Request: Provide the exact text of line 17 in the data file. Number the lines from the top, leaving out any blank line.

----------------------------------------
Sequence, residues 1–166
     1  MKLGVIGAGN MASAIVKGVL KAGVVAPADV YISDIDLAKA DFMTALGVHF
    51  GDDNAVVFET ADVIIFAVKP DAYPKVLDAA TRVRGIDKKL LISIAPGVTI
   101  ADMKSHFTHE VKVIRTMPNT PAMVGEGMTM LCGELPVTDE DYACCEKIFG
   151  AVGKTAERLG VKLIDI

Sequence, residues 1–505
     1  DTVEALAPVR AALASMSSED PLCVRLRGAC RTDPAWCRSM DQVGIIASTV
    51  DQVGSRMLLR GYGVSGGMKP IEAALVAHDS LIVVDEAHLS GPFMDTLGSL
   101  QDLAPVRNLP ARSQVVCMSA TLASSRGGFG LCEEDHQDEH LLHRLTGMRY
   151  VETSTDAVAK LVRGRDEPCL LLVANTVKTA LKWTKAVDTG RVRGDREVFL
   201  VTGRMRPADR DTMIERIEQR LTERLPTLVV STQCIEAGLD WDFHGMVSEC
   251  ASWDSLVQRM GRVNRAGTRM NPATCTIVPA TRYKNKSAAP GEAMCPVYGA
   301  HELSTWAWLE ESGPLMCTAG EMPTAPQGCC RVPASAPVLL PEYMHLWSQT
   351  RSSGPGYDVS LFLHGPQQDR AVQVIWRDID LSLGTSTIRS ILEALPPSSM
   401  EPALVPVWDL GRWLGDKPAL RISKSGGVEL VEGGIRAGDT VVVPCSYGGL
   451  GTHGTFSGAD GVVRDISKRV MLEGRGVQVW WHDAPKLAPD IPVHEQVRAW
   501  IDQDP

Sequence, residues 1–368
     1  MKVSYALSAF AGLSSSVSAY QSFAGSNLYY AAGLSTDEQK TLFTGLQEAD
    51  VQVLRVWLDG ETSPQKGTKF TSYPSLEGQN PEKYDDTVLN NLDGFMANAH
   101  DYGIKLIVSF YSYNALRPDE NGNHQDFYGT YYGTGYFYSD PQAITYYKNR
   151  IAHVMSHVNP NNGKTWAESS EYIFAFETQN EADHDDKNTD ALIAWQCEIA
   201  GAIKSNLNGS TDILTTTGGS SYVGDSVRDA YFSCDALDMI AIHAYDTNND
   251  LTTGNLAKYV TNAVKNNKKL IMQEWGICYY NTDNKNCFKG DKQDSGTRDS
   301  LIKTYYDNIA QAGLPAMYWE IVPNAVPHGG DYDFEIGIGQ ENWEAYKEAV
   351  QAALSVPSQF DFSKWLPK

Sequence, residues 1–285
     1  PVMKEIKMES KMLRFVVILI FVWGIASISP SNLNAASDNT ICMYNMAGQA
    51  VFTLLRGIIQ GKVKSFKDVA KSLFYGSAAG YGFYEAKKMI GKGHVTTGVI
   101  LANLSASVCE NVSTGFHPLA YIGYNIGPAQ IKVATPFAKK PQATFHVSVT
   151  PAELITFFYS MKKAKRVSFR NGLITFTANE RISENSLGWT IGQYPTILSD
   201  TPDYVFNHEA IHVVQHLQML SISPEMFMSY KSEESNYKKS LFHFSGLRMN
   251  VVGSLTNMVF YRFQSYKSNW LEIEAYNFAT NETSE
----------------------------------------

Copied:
   501  IDQDP